Wednesday, 25 May 2016

Roleplaying Dillemas - How To Kill Off The Wizard Master Race

"Those bloody fireball hurling bastards always ruin everything!"

That rather irate response came from an old friend back during a D&D session, just after his Barbarian had been utterly eclipsed by a Sorcerer. While certainly fired off in anger, it's a comment often shared by many a player who opts to take the sword over the staff, or even others who opt to take the path of the Thief, Ranger or Samurai. In the end, the spellcasters always have them beat, hands down, and will always win in the end. You see this in even the best of systems, and given their sheer firepower and versatility it's admittedly hard to avoid.

No matter where you look this issue keeps arising. Dungeons and Dragons attempted to get around this by primarily focusing upon one class eventually taking over from the other. While spellcasters would be limited at first, they would grow in power until they completely eclipsed the warriors. At this point the idea was usually to have the warriors play support, fighting mooks or playing secondary roles, but the abilities of wizards have this nasty habit of overtaking them entirely. Dragon Age promised to avoid this exact trope, only to fall face first right into it, not only making them one of the best classes but effectively giving them a sub-class which turned them super saiyan. This only became more notable in the sequels, especially with II where the entire trailer focused upon a mage.

There are only a few exceptions which have evened out the problem of all powerful wizards, but these are few and far between, with mixed results. Dark Heresy and its similar games featured psykers being able to burn away entire armies with mind bullets, block Titan level weaponry and play Jedi mind tricks, but you at least had to worry about a daemon turning up to say "hello neighbor, can I borrow a cup of souls?" Equally, other games have tried to get around this by some very basic methods, like creating anti-magic runes, enemies or going to the other extreme by making everyone a spellcaster. Obviously, neither is a great answer.

So, what are the best solutions then? Well, in all honesty there's no simple one. If there were, the fact of roleplaying games would look very different right about now. However, there are certainly a few ideas which tend to be quite frequently overlooked which might help to elevate this problem.

The first and foremost way to truly balance this out would be by accounting for how they need to learn their skills. They need to use their mind, hone their abilities and absorb new information over time. While you can argue that the likes of Barbarians, Swashbucklers and Kenesi can all learn their abilities through experience, it's difficult to justify Wizards shooting enough fireballs until they can summon the foot of God himself to stomp down upon his foes. Rather than merely leveling up and instantly gaining a new skill, magic could be treated as a true learning experience; with its practitioners slowly and unevenly developing, with the rate at which they comprehend their new spells varying from one person to the next. One might be able to understand the finer points of Necromancy, but could be completely stumped when it comes to the subject of Tyromancy.

Equally, given that this is a learning experience, the quality of their books or teacher they are should also be taken into consideration. This could relate to their background or general place of origin as much as their personality traits, limiting their progression or even curving it in a certain direction. This could even be to their benefit, perhaps min-maxing certain areas and allowing them access to higher tier spells in certain fields to start with, but limiting their progressions as they skipped the basics. There's even a possibility of being a self-taught Mage, which would open up an entirely new possible avenue of leveling up their abilities or forging a new character. Now, while this idea could again be adapted to other classes, it would have the most impact here. After all, it's easier for a Knight to learn how to keep his shield up a bit more often than it is for a Wizard to remember the exact incantation to banish a ghost.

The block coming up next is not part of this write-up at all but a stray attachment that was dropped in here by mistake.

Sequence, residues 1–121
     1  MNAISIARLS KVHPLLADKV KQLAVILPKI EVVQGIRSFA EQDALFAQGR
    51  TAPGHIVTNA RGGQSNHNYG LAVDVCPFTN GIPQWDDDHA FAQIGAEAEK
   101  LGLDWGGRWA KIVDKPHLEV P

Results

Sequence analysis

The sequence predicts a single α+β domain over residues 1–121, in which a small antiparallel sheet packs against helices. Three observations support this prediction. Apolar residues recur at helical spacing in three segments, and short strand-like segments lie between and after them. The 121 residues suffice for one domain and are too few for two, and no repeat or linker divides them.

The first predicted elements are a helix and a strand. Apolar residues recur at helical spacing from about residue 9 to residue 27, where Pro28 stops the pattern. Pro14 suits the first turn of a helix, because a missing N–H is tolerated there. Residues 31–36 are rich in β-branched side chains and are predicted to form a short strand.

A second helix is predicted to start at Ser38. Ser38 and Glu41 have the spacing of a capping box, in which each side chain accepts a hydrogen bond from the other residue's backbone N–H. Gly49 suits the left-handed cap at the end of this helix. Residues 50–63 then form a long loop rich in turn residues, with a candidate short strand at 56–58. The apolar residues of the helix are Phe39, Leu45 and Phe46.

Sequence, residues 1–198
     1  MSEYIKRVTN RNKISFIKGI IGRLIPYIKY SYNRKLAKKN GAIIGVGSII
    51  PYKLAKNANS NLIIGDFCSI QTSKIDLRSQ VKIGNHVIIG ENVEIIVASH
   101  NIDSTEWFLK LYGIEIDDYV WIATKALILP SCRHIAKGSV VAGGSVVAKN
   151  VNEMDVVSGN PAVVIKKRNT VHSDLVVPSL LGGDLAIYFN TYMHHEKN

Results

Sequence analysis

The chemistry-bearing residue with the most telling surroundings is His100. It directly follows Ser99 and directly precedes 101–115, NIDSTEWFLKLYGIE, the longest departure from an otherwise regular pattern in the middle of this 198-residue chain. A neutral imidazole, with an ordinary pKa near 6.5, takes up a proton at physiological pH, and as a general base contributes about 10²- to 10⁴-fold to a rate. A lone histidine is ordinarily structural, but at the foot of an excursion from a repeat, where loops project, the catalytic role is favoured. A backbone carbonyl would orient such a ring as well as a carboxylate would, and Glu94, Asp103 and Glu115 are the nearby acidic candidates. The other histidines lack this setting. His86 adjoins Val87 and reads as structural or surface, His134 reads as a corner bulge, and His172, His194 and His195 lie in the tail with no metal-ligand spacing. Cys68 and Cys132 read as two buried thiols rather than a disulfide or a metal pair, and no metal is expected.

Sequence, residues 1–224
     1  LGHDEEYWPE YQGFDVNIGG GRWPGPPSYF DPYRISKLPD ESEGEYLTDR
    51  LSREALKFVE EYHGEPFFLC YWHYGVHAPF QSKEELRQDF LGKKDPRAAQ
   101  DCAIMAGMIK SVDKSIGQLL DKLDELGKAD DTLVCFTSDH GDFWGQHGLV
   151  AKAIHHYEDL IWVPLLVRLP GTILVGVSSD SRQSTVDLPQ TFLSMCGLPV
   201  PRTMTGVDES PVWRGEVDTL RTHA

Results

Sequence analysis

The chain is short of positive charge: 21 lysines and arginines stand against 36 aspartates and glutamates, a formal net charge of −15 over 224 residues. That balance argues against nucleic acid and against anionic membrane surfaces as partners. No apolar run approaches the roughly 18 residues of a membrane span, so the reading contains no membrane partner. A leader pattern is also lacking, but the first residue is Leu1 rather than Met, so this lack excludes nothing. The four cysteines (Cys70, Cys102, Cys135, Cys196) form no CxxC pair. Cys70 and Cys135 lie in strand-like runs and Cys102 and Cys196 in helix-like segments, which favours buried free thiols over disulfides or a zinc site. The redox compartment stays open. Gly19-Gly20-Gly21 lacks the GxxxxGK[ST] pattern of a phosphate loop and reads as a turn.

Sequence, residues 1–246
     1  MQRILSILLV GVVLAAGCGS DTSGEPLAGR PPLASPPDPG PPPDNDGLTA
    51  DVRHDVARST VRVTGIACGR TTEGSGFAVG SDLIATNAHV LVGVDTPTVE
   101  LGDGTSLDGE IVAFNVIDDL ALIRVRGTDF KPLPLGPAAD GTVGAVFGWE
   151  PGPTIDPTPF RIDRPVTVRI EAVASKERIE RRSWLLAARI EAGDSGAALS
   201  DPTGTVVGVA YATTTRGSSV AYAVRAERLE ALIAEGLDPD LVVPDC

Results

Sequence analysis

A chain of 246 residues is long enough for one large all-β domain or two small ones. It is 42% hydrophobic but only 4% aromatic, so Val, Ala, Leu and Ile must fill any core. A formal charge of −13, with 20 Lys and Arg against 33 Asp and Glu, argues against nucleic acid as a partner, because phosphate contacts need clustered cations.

A further concept could lean towards far more required preparation, or a much greater focus being placed upon ingredients than many settings. A good example of this balancing out with power would be the Witcher series. There, Sorcerers and Sorceresses are immortal, are worth their weight in gold and have access to some very fun abilities such as limited teleportation, duplication and projectile attacks early on. However, that immortality is needed thanks to the lengthy and extremely steep learning curve for many schools of magic, and the most powerful of abilities require specific item. An entire quest in Witcher 2 revolved around retrieving a powerful source of magic, a rare flower and a weed only found in the deepest, darkest mines of the world. This naturally involved risking facing down multiple monsters, or having to barter with rather unsavory individuals. Plus, even then, sorceresses could overexert themselves by rapidly burning through their power, often with painful consequences. This would ultimately leave them with all the power they had before, but it would require far effort more effort to truly earn it.

Still, much of this so far is focusing primarily upon limiting spellcasters rather than boosting the other classes, so what could be done there? Well, a core idea might be having magic turn inwards. While Wizards express it in bright, flashy and vibrant ways, perhaps a setting could have the other classes take in magic in a more passive way. This could be down to exaggerating or extending certain abilities until they reach near superhuman levels, or even to take them to their logical extreme. 

High level Rangers, for example, could gain abilities akin to Aquaman or Falcon, effectively mind controlling powerful monsters or seeing through the eyes of hundreds of smaller creatures. Expert swordsmen could become so skilled at their abilities that they could learn to literally read the body language of their foes right down to the individual thought or general personality quirks. Trappers or Thieves might be able to scan out and examine entire rooms at once a-la Sherlock Holmes or even quickly piece together the history of a room. This could even focus more upon dedicated weapons over classes with those focusing upon Archery turning effectively into Legolas, with the extreme accuracy and enhanced senses he always displayed.